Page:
This week I worked some more on my Goblins from the Dungeon Attack set; completing another 3 of them. With big groups of similar figures like the 12 Goblins that came in the Kickstarter, I often paint them in small batches, (like with these goblins, doing them 3 at a time) doing all the clothing and accessories in each batch with the same colors; then when you put all the little batches together into a big group, the similarity becomes much less noticeable, and it looks like a nice hodge-podge mix of figures. The completion of these 3 Goblins mark the milestone in my painting efforts of having completed 65 of my 265 figures, leaving exactly 200 Bones from the first Kickstarter left to paint
As I mentioned in my previous Goblin post, I didn’t want to paint them the same old green that has become so common for Goblins, so I consulted the D & D Monster Manual, and read up on Goblins. It said that their skin color ranged from yellow, to dull orange, to brick red…nothing about green. So, I decided to go with the middle of the range and paint them a dull orange-ish.
To begin with though, I prepped them in the usual way; soaking in water with a bit of dish soap added, giving a gentle scrub with an old soft toothbrush, then rinsing and drying. Afterwards, I primed them with Krylon Camouflage Flat Black with Fusion. I then glued them to 1” fender washers with Aleene’s Tacky glue, and then glued the washers to a tongue depressor with a coupe small dabs of Elmer’s white glue, for ease of handling during painting.
Next, I painted their Tunics with Folk Art “Dapple Grey”, and the padded jerkin on the archer with Aleene’s “Dusty Khaki”. For the fur areas on the neck of the mace Goblin, and the boots of the spear Goblin, I dry brushed the areas with GW “Codex Grey”.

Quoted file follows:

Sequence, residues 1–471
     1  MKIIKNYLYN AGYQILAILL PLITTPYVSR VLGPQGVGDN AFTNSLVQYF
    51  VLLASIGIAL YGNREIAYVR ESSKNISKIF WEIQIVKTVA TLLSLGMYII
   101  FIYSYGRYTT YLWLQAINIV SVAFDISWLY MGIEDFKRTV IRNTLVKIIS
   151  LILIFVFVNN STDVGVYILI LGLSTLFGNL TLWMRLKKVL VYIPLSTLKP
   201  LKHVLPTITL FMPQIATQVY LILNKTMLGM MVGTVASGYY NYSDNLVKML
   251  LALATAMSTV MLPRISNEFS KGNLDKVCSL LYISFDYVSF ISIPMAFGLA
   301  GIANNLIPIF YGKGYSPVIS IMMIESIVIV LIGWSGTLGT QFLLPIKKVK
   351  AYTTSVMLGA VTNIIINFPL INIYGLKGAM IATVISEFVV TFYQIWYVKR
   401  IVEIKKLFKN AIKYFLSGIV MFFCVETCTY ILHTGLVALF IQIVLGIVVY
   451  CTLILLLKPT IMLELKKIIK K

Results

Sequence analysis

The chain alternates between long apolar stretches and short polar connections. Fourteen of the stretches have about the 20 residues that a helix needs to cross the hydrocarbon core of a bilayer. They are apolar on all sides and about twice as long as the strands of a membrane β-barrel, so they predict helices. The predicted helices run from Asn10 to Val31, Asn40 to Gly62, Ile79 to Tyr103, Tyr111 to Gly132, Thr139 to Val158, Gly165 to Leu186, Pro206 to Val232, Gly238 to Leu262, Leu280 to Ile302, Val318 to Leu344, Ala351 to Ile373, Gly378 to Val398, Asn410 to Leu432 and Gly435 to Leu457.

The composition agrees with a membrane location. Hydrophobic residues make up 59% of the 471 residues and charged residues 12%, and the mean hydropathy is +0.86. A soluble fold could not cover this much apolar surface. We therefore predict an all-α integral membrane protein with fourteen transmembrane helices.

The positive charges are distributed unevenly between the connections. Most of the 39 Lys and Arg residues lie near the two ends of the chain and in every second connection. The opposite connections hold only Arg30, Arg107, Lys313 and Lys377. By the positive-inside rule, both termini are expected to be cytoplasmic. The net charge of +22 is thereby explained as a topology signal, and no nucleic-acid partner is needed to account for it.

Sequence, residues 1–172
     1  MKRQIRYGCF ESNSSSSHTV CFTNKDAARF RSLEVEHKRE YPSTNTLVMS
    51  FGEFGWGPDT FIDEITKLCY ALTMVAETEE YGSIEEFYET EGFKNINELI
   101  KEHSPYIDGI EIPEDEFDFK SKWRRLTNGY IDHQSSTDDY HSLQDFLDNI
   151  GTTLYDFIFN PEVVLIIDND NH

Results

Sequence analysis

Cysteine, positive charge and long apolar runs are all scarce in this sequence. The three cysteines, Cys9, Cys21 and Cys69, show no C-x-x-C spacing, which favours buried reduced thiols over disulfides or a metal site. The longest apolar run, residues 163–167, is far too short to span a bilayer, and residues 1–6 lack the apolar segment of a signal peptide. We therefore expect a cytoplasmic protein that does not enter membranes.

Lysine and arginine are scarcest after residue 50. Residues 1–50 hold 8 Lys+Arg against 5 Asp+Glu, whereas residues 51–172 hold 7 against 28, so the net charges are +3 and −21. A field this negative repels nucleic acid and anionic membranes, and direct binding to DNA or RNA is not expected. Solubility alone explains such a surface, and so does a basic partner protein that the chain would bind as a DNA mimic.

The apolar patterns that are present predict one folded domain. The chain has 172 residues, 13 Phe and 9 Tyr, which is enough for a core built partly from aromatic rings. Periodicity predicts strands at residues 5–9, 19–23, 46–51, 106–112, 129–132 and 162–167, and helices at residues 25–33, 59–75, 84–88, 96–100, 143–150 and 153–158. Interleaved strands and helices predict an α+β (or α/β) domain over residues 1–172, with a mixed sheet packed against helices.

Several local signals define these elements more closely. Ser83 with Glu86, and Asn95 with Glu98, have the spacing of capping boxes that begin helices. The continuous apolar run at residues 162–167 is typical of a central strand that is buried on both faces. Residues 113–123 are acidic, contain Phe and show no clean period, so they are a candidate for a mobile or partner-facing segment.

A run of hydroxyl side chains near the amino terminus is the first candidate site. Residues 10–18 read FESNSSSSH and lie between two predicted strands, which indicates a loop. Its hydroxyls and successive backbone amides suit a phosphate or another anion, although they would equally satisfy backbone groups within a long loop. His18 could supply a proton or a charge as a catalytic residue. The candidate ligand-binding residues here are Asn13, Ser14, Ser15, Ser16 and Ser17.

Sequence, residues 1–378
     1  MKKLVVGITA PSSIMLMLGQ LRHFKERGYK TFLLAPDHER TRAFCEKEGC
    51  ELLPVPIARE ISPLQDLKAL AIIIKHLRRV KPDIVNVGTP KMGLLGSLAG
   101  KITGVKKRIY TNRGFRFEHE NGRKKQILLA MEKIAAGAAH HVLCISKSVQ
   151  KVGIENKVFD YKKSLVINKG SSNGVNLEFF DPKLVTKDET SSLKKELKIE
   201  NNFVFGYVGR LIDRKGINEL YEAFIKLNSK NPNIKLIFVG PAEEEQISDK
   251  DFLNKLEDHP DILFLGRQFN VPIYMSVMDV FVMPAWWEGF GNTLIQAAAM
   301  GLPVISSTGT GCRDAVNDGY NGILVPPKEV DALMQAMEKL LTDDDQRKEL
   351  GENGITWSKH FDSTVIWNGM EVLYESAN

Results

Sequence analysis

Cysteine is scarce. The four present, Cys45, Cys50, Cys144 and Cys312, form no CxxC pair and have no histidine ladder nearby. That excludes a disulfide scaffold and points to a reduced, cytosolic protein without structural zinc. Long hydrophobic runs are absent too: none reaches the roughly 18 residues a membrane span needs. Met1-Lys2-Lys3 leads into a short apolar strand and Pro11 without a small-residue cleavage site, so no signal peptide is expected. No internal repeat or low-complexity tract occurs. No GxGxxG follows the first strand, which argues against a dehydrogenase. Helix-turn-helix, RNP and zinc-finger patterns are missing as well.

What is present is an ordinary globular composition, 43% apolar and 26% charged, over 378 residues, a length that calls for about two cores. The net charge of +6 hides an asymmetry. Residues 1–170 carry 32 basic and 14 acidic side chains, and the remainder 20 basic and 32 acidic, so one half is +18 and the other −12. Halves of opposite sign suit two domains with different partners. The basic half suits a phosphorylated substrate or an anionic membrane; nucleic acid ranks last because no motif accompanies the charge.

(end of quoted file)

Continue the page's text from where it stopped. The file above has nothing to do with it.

I then painted their hats with Folk Art “Barnyard Red”. I also painted the shields with Ceramcoat “Bright Red” and with Black; doing a half and half pattern on the mace Goblin’s shield, and a quartered pattern on the spear Goblin’s. Then I did the backs of the shields with the “Walnut”, and then all the straps and belts with Americana “Asphaltum”. The Quiver I painted with Accent “Real Umber” and the arrow shafts with Crafters “Spice Brown”. I painted the fletchings by dry brushing them with GW “Fortress Grey”
I then painted the handle of the mace, bow, and spear shaft with the “Spice Brown”. Lastly I painted all the metal armor, weapon and shield parts, and buckles with Accent “Princely Pewter”.
My next step was to work on the stonework bases they were standing on. I painted these with Duncan “Slate Grey”, and then painted the blobs of vegetation sitting on the stones with DecoArt “Forest Green”. Lastly, I painted their teeth and the claws on their feet with Americana”Buttermilk”. When all the paint was dry, I washed the figures completely with some watered down Winsor-Newton Peat Brown Ink.
When the ink wash dried, I added highlights to their skin and clothing by repainting some of the raised areas with the base color. I also added some highlights to the metal parts with Ceramcoat “Metallic Pewter”, and highlighted their teeth and claws with the “Buttermilk”. I also painted their eyes with the “Buttermilk”, and added black pupils. Then, after everything had time to dry, I painted on a coat of Ceamcoat “Matt Varnish”. When this had dried I flocked the bases. Even though they were sculpted to look like dungeon floors, I wanted to use my Goblins in outdoor settings, so I flocked them to look like perhaps the Goblins were standing on parts of old ruins or an overgrown path. After the flock had dried, I sprayed the figures with Testor’s Dullcote.
Overall, I’m pleased with how these are turning out. As I said before, I think the dull orange skin really works on these figures. Especially in contrast to their drab clothing.
Now there’s 6 more Goblins in the set to do.
Figures 63-65: Complete